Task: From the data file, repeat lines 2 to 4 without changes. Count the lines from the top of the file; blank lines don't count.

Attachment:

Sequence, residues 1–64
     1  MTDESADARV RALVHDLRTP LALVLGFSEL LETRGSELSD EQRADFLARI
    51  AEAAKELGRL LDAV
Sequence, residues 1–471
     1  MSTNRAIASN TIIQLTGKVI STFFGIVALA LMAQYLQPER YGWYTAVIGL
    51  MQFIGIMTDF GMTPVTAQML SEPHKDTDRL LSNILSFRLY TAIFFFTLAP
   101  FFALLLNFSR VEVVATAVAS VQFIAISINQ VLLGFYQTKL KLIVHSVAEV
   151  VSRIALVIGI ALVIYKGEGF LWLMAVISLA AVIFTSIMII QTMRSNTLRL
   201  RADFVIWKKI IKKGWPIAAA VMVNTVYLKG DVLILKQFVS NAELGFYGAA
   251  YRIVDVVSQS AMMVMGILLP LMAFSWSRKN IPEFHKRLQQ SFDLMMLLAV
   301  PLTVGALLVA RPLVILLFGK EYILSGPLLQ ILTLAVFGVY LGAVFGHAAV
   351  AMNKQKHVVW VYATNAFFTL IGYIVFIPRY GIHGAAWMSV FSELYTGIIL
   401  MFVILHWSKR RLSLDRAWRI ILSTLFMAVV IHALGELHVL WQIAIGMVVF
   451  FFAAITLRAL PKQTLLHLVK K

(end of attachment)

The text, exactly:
     1  MTDESADARV RALVHDLRTP LALVLGFSEL LETRGSELSD EQRADFLARI
    51  AEAAKELGRL LDAV
Sequence, residues 1–471